Kheneg Ljouad, Rare LL5/6 Witnessed Fall, Micromount


On July 12th, 2017, a bright fireball streaked across the sky over the Tata region of Morocco. The fireball exploded and witnesses in the area reported hearing a series of sonic booms. After a subsequent search, several fresh meteorites were recovered. Some of the stones were analyzed and classified as LL5/6 chondrites that are mildly shocked at shock grade S3.

Refer to the photo. The black centimeter cube is shown for scale and is not included. You are purchasing a single small fragment like the one shown. Your purchase will include a labeled gemjar for safe storage.

From the Meteoritical Bulletin entry for Kheneg Ljouad :

Kheneg Ljouâd        28°59’03.3"N, 8°24’38.7"W

Guelmime Es Smara, Morocco

Probable fall: 2017 July 12

Classification: Ordinary chondrite (LL5/6)

History: (H. Chennaoui Aoudjehane, FSAC) On Wednesday, 12 July 2017, around 23:13 Summer Moroccan time (GMT+1,) a bright fireball was widely seen throughout southern Morocco, traveling from the NE to the SW, with termination of the fireball southwest of Tata. The fireball lasted for several " and was followed by a series of sonic booms heard throughout southern Morocco. This event was subsequently reported on the national TV news station). The authorities of the area including soldiers reported the fireball. The fall site is in a militarized area within Morocco, but close to the border with Algeria. Military and nomads where the first to arrive at the fall site and the first piece was found within 12 hours of the fireball, on 13 July. A field mission was organized by H. Chennaoui Aoudjehane (FSAC), M. Aoudjehane, A. Bouferra and H. El Harbi on Saturday, 15 July to collect the fall information and samples for classification and the submission. The team were granted authorization to enter the militarized area, and on 16 July traveled to the fall site. The team meet several hunters with fresh, black, fusion crusted stones. The largest complete piece that they have seen was about 850 g. Coordinates for three smaller stones are a complete 15 g stone (28°59’03.3"N, 8°24’38.7"W) and two pieces totalling 22 g (28°57’28.3"N, 8°25’39.6"W), and a stone of ~1 g (28°59’55.1"N, 8°24’25.5"W). Total mass collected to date is near 10 kg.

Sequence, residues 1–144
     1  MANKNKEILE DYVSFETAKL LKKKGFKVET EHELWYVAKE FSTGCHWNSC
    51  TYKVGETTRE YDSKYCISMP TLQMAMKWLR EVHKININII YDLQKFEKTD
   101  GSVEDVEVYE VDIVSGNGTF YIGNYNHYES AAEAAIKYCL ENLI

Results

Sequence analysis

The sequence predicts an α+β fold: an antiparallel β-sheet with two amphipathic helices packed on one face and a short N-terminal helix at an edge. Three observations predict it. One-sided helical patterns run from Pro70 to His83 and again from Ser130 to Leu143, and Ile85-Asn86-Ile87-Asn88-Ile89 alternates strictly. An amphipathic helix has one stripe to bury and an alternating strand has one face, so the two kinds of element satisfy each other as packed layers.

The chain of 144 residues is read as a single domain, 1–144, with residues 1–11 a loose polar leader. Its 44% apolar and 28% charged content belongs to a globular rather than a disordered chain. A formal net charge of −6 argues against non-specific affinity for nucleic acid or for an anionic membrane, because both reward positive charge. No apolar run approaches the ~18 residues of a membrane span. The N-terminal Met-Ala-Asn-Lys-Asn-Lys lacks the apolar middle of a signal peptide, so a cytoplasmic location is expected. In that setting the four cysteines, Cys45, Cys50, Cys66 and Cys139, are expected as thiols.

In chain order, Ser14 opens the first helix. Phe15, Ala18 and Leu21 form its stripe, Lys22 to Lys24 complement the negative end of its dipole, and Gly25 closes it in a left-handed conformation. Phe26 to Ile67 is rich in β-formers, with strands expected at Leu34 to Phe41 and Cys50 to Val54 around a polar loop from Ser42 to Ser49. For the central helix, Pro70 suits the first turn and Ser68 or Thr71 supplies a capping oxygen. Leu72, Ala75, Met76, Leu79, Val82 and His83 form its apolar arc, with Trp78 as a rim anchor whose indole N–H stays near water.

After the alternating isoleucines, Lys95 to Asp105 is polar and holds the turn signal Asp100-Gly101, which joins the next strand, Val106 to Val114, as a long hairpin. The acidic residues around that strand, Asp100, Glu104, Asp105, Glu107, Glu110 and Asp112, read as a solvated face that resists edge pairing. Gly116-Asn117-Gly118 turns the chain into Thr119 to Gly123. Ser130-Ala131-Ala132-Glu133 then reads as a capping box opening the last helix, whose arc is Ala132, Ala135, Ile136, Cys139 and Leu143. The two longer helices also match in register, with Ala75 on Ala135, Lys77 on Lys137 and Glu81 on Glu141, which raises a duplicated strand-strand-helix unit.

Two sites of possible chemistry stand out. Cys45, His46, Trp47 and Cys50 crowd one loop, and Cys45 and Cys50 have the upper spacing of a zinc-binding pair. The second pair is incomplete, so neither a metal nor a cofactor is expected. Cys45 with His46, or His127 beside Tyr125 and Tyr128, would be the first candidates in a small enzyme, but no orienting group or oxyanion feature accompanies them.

Physical characteristics: Many fusion crusted stones ranging from <1 g to 1.2 kg. Fusion crust is matte black. Interior of the stones is largely whitish gray, with a few thin shock veins, and studded with pods (to 1 cm) and veinlets of troilite.

Petrography: (L. Garvie, ASU) Optical and SEM imaging of a polished mount shows range of chondrule types, though largely recrystallized and integrated with the matrix, the chondrules still recognizable including a large BO (to 5 mm), PO and PP. Feldspar shows a range of sizes, some grains to 200 μm, though majority <50 μm. Metal and troilite heterogeneously distributed across the mount, largest grains to 100 μm. Metal dominated by tetrataenite, with only two small (20 μm) grains of kamacite found. Metallic Cu rare, as three grains (~5 μm) found at tetrataenite/troilite boundary. Metal+troilite occupy <2 vol% of the section. Troilite single crystal with rare twin lamellae. Pentlandite, <20 μm, is rare occurring as subhedral grains within troilite. Chromite is common as large, to 200 μm, anhedral grains and small, <5 μm, subhedral and euhedral grains in feldspar. A few small melt pockets observed in the mount are consistent with shock stage S3 .